Harvey S. Keh is Director for Youth Leadership and Social Entrepreneurship at the Ateneo de Manila University-School of Government. Comments are welcome at email@example.com
The Supreme Court (SC) has ruled that the Senate’s Foreign Relations Committee has the authority to conduct an inquiry into the Oct. 11, 2008 Moscow airport incident where former Police Director Eliseo D. dela Paz was held for failure to declare some R9.8- million worth of euros found in his luggage and in his possession.
Dela Paz, who retired from the service on Oct. 9, 2008 or two days before his arrest in Moscow where he and several police officers attended an assembly of the International Criminal Police Organization, and his wife, Maria Fe C. dela Paz, challenged the authority of the Senate to inquire into the incident and to stop his arrest by the Senate’s Sergeant-at-Arms on orders of Committee Chairperson Sen. Miriam Defensor Santiago.
In a unanimous full court resolution written by Justice Antonio Eduardo B. Nachura, the SC said the Constitution grants full discretionary authority to the Houses of Congress to formulate, adopt, and promulgate their own rules. The exercise of this power is generally exempt from judicial supervision, except on a clear showing of such arbitrary and improvident use of the power as will constitute denial of due process.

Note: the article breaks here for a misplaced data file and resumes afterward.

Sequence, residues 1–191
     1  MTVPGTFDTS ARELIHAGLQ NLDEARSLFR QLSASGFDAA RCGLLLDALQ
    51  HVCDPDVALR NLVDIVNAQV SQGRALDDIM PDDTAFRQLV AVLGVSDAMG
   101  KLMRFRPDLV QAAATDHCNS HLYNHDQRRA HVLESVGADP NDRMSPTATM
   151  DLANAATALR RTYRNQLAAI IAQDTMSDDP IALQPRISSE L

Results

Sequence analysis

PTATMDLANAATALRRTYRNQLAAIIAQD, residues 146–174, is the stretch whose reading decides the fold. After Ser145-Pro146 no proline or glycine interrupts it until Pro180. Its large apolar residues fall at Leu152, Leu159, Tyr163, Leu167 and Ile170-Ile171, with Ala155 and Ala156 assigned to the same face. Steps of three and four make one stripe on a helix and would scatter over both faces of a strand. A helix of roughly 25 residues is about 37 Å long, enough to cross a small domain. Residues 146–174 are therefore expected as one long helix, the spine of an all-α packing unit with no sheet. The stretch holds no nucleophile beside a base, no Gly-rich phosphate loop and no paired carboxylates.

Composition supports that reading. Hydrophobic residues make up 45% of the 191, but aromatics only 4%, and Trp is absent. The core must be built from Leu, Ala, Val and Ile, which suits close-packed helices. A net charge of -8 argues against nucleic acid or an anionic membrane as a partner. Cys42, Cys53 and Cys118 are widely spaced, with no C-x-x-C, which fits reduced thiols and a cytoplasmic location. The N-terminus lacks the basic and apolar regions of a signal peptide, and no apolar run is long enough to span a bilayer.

The SC said the challenge to the jurisdiction of the Senate’s Foreign Relations Committee to inquire into the issue involving the arrest of Dela Paz and the confiscation of the undeclared euros “partakes of the nature of a political question which, under the Constitution, is to be decided by the people in their sovereign capacity, or in regard to which full discretionary authority has been delegated to the legislative or executive branch of government.”
The Committee on Foreign Relations has jurisdiction over “all matters relating to the relations of the Philippines with other nations…” and “a reading of the provision unmistakably shows that the investigation of the Moscow incident involving petitioners (spouses Dela Paz) is well within the respondent Committee’s jurisdiction,” the SC said.
It noted that the Senate has decided that the inquiry will be jointly conducted by the Foreign Relations Committee and the Committee on Accountability of Public Officers and Investigations and the latter committee “may conduct investigations on all matters pertaining to malfeasance, misfeasance, and nonfeasance in office by officers and employees of the government…” and “it is beyond cavil that the Blue Ribbon Committee can investigate Gen. Dela Paz…”